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Choosing to Conquer: The Local Women Who Won the Vote

By Anna Reinalda | December 16, 2021


In a lecture on the suffragettes at Hopewell Theater, Author Nancy B. Kennedy informed her audience that the women of Montgomery Township were some of the first women in the country to legally vote.

Nancy Kennedy with Hopewell Librarian Anne Zeman of Kingston.

A Hopewell resident for more than 25 years, Kennedy brought the women’s rights movement close to home. Kennedy recalled viewing the signatures of 46 women on the 1801 voter rolls from Montgomery during a visit to the American Revolution Museum. The rolls came from the old Rocky Hill Inn, now a private residence, which was the polling location for the town.


New Jersey was the only state whose original constitution allowed women the right to vote, she explained. Although New Jersey’s voting laws were unusually forward thinking for the time, Kennedy said they were still strict, and the only women who were allowed to vote per the constitution had to have at least 50 British pounds. This is equal to just over $5,000 in today’s currency.


“Women had a hard lot in those days,” Kennedy said, citing that any wages a woman might earn were managed by her husband, making working wives ineligible for voting. To make matters worse, Kennedy said, there were men in the state who would wear dresses on election day. They would vote once as themselves, and again as women.


Ironically, though it was men who were committing voter fraud, an 1895 issue of the Hopewell Herald incorrectly reported that “the sensation of voting was so agreeable that some women voted 17 times.” Because of these antics and accusations, New Jersey stripped voting rights from all citizens except “white, propertied males,” Kennedy said. Rejoining the women’s suffrage movement on February 9, 1920, New Jersey became the 27th state to ratify the 19th Amendment, which was implemented August 18 of that year.


Originally scheduled for May of 2020, Kennedy’s participation in Hopewell Public Library’s Wednesday Night Out Lecture Series was postponed due to COVID- 19. Decked out in period dress and donning a suffragette sash, Kennedy’s captivating lecture on November 17 was worth the wait. The event fell just a few days after the 104th anniversary of the Night of Terror, in which around 30 suffragettes were arrested for picketing outside the White House.


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The women were “dragged by their hair” and “thrown like ragdolls” into the cells of the Occoquan Workhouse in Virginia, Kennedy said. Almost immediately after the arrests the prisoners began a hunger strike, which the Occoquan warden combated by ordering the women to be force fed cold milk and raw eggs via feeding tubes, which were pushed through the women’s noses and mouths. In addition to being “painful, bloody, and terrifying,” Kennedy said, the procedure caused immediate vomiting. It was obvious it was not intended to feed the women, but rather, “to break the women’s will.”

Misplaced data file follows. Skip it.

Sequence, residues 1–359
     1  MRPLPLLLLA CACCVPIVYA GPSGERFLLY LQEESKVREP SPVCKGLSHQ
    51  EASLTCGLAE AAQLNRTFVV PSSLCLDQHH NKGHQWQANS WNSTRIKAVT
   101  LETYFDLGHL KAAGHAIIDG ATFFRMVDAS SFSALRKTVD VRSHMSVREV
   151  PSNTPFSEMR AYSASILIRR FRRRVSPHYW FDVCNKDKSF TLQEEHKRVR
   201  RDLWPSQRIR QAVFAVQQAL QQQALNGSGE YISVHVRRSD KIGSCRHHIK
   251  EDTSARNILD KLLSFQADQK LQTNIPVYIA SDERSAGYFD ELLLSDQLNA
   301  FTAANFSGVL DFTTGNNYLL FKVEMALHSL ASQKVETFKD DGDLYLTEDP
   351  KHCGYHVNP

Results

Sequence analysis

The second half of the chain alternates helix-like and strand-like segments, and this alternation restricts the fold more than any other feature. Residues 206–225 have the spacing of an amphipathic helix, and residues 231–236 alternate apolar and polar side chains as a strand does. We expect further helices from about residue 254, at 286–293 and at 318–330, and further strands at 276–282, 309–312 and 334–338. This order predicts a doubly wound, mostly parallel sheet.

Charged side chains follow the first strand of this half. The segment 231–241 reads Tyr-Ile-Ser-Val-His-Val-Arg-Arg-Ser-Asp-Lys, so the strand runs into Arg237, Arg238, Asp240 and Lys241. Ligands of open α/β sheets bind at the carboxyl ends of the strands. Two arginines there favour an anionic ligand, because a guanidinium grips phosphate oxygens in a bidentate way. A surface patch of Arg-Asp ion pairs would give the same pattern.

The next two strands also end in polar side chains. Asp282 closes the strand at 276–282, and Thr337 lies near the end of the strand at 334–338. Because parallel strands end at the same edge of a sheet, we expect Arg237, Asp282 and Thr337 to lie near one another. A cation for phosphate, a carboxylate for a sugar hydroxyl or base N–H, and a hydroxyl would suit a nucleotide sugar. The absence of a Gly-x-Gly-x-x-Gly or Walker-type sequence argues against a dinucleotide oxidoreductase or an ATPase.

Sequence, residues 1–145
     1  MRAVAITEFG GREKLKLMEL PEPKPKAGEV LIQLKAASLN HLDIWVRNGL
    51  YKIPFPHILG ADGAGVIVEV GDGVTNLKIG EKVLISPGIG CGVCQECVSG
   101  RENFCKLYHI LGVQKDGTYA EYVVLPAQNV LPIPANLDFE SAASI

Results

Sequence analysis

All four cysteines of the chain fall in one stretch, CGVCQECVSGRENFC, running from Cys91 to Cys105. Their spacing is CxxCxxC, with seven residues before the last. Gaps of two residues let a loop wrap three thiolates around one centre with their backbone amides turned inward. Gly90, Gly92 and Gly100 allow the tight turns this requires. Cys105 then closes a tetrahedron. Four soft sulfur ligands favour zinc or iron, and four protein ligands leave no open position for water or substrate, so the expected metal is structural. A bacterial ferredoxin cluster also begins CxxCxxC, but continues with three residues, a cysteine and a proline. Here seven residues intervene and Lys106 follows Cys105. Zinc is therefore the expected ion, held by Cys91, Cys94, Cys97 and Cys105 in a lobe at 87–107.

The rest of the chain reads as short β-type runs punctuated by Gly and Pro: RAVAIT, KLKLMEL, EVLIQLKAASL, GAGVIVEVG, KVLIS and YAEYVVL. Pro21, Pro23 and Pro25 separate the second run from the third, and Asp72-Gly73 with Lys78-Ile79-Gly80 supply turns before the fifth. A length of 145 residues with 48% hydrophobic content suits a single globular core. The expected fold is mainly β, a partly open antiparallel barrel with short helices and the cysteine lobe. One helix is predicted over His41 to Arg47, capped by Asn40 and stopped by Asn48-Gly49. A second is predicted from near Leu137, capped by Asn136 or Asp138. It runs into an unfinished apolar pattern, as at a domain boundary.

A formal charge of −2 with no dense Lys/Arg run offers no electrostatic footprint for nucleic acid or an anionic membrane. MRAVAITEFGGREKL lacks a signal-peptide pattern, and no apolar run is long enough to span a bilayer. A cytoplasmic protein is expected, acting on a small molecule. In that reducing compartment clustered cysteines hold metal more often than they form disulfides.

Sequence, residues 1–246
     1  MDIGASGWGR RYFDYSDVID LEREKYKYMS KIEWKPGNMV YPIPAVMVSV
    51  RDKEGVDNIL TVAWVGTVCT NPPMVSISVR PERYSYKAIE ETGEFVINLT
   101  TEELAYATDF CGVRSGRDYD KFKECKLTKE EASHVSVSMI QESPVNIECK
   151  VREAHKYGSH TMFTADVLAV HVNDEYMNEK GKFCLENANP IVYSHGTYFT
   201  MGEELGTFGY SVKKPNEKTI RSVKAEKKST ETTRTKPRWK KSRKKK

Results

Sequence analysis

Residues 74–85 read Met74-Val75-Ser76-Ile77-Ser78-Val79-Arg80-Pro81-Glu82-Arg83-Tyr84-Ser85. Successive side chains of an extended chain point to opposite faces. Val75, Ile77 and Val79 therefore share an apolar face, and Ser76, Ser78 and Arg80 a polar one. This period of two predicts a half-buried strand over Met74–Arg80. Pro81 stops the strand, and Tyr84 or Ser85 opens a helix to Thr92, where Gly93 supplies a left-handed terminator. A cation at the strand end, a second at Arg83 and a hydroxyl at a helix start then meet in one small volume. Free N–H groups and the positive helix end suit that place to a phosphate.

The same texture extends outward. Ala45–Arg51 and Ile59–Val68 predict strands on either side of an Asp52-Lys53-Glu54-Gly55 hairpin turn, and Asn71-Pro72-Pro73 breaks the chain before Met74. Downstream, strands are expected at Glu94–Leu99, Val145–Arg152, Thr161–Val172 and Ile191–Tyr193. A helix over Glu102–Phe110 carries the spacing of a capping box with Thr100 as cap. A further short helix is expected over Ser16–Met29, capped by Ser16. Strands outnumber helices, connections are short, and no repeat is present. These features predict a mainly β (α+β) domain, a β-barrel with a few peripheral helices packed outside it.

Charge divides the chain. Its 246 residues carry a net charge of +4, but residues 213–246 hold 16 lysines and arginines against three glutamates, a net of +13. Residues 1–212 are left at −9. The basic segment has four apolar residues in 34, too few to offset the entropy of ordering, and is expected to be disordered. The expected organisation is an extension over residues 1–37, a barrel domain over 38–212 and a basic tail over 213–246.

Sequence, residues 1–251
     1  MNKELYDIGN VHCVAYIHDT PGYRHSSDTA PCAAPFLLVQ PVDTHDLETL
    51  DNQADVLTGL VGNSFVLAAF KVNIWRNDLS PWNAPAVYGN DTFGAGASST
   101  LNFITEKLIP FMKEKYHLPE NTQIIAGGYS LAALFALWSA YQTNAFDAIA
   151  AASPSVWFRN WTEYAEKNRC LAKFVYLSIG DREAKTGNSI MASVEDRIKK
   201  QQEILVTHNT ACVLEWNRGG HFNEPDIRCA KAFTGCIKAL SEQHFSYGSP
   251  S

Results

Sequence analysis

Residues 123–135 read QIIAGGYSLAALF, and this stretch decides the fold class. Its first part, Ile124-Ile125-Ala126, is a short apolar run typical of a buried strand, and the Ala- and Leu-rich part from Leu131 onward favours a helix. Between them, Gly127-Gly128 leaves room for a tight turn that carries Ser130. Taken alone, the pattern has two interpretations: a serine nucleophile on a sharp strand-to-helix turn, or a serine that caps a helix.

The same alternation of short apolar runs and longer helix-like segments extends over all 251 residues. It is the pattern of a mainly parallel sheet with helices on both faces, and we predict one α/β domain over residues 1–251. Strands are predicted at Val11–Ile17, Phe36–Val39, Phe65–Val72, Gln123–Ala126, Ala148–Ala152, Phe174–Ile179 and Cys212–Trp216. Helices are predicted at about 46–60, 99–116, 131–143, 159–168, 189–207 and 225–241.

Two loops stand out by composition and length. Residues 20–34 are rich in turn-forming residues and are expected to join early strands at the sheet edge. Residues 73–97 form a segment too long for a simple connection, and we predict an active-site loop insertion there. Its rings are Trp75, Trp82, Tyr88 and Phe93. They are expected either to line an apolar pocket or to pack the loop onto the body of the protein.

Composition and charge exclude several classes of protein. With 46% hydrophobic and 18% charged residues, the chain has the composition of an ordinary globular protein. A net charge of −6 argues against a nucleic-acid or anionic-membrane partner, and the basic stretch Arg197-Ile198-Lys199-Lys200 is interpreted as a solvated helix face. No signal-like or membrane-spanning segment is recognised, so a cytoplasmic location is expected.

This was just one episode in a fight for women’s suffrage that lasted 72 years, 18 presidencies, three generations, and two wars. Detailing the efforts of an array of suffragettes who refused to stand down in the face of patriarchy, Kennedy highlighted Alice Paul. Paul was a resident of Mount Laurel, who, Kennedy said, loved to mock President Woodrow Wilson by using his own words against him. Kennedy showed a photo of Paul holding a sign which read: “The time has come to conquer or submit. For us, there is but one choice. We have made it.”


Paul’s Mount Laurel home is now a museum dedicated to gender equality, which Kennedy highly recommends visiting. Kennedy released her book, Women Win the Vote! 19 for the 19th Amendment in time for the 100-year anniversary of the advent of women’s suffrage. The youth-oriented history book biographies 19 wise women who fought for justice on behalf of the modern generation. “I found my niche in writing about the suffragists as young women,” Kennedy said. Kennedy noted a deep emotional connection to the women who fought so tirelessly for the vote. “I had to read that speech about 100 times before I could do it without crying,” she said.


While endlessly thankful to the suffragettes for their work and determination, Kennedy recognized their flawed humanity. “These women were not saints,” she said. A “certain class ... wrote history,” and their privilege of status left them prone to racism, classism, and even sexism. An apt reminder that historical figures must always be examined holistically. Kennedy’s work was not always in the historical and political realm.

Nancy Kennedy, left, with her husband John at the Titusville Independence Day parade in July.

Prior to the release of her newest book, she was an editor and journalist for the New Jersey Herald and Dow Jones. She later released a collection of books entitled “Miracles & Moments of Grace,” featuring collections of stories from mothers, doctors, and chaplains. Finding her calling in relaying inspiring nonfiction, Kennedy’s latest publication brings out the personhood of the suffragettes. And her research on this topic is not done yet. “I would love to find voting rolls in Hopewell,” she said. “Go home and check your attics.”


The American Revolution Museum’s online exhibit “When Women Lost the Vote,” which features New Jersey voter rolls, can be found at www.amrevmuseum.org.


Tours at the Alice Paul Institute can be booked at www.alicepaul.org.

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